by Janiece Meek
photos by Maggie West
Asheville city councilwoman by day, free-ranging, trailblazing cowgirl by night. How does this yin and yang of politics and performer come together in the life of Robin Cape?
“I’m a bass player who does politics for service,” says the 51-year-old mother of two. “[I am] a part of this community who feels like I have gifts to share.” So share she does, through a country trio act called the Buckerettes, which plays parties, weddings, concerts and festivals around Western North Carolina. She’s also served on Asheville’s City Council for three years, where she’s known for pushing environmental issues and helping to protect a Woodfin watershed.
The music part started early. She played piano at seven and was a music major in college. She didn’t pick up a bass fiddle until 2000, when a Weaverville band, Raven Moon, invited her to sing backup and play bass. For the next two years, she learned on stage. Suddenly she was singing lead and playing bass with other local groups like the Quantum Leapers, Jimmy Landry and Tornado Cider.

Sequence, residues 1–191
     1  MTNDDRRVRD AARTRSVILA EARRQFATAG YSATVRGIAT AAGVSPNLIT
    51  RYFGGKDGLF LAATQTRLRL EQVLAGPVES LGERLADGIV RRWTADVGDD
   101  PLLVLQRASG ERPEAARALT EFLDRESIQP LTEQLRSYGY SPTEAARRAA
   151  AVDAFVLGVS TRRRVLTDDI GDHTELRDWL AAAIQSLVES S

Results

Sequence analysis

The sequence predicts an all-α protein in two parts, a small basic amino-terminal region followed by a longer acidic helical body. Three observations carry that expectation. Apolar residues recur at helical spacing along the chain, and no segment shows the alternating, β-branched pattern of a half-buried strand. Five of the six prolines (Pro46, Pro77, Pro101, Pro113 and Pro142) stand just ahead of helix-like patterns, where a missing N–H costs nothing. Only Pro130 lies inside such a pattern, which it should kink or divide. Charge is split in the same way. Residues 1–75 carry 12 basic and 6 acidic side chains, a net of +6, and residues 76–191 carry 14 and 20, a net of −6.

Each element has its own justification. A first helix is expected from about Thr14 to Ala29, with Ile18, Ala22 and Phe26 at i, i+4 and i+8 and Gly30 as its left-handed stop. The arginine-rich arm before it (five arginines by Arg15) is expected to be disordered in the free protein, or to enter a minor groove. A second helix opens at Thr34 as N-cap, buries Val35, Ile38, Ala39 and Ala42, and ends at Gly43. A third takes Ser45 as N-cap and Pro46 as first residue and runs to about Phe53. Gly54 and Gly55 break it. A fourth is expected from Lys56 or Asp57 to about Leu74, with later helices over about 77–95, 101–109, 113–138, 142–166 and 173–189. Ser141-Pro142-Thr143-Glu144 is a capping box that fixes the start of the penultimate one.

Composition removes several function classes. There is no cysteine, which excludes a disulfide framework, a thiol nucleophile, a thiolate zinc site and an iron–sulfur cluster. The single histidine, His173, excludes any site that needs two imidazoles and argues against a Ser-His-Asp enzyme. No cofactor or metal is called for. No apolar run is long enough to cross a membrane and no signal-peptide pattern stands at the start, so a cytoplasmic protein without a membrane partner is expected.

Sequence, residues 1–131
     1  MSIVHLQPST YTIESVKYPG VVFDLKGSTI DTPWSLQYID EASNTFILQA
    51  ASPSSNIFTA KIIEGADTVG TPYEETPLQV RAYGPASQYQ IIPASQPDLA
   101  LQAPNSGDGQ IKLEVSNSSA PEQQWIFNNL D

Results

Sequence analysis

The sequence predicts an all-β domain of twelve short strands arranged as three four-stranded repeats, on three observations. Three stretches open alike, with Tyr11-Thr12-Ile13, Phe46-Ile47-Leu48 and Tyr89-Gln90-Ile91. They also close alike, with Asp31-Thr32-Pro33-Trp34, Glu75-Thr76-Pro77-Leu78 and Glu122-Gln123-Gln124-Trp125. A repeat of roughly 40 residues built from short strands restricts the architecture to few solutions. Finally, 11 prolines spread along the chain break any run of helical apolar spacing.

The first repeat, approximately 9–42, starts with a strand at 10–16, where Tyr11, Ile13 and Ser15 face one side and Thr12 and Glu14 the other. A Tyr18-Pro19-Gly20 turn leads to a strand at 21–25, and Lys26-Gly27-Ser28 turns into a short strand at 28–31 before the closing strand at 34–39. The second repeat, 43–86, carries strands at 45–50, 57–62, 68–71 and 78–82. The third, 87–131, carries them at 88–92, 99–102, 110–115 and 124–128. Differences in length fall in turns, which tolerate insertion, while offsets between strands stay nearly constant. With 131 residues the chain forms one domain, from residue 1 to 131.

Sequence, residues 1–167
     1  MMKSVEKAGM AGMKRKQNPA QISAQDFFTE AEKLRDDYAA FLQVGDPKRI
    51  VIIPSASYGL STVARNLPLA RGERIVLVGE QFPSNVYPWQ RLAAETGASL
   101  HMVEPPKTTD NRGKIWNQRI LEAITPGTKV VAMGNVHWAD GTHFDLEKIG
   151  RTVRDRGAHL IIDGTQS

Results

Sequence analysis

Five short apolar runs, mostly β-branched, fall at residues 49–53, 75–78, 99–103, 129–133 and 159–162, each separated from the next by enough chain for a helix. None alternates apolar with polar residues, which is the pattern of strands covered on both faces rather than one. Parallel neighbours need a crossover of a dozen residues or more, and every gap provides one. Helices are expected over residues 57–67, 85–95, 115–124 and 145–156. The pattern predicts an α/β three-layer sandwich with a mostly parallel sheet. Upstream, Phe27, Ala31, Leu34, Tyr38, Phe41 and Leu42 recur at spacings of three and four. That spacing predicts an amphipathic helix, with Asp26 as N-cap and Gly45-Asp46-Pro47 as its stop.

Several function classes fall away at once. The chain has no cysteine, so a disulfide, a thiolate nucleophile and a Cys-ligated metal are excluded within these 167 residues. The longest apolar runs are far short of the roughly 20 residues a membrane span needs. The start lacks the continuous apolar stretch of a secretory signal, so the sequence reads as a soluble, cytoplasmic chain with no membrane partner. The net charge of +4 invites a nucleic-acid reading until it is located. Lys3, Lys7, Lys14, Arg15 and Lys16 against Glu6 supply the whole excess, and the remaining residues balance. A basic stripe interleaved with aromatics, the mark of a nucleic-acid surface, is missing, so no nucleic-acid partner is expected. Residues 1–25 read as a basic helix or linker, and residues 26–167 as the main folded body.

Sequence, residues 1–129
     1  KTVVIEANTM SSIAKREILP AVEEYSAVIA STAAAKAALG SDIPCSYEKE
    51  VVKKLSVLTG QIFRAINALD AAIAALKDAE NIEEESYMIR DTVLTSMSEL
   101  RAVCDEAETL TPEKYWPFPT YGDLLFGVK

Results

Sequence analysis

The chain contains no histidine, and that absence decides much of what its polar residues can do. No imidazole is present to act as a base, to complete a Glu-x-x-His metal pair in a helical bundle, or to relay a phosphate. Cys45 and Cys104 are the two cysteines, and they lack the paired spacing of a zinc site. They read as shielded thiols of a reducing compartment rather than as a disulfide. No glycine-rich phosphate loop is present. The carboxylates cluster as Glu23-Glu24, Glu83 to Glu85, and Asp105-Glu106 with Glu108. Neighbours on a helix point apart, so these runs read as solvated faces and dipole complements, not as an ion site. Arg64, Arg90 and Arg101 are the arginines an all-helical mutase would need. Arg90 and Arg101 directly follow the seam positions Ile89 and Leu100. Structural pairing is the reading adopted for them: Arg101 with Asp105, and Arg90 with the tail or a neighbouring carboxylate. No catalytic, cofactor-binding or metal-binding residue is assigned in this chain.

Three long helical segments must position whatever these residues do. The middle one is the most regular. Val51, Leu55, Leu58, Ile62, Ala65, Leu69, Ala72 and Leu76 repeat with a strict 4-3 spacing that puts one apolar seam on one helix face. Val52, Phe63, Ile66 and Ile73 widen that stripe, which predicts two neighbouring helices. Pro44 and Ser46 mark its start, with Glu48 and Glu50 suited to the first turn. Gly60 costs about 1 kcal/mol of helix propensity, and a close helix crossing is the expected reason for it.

by Janet Hurley
Patty MacDuff knew she had a confession to make. She was out for a drive with her new boyfriend John Peil, somewhere between her home in Battle Creek, Michigan, and his home in Kalamazoo in 2000. MacDuff, then 51, had been vague about her last exclusive relationship of almost 20 years. And now Peil, a paper industry consultant whom she’d met on Yahoo Personals, wanted her to visit his church. He’d told her all about Sister Sue—so pretty and nice it was hard to believe she was a nun, he said. MacDuff knew Sister Sue, though she hadn’t mentioned that to Peil, and she knew Sue would surely recognize her. “Honey, I have to tell you something,” MacDuff said. “I used to be a nun. That relationship I told you about, it wasn’t with a man, it was with God.” It took a while for Peil to digest this big news, but they were married seven months later.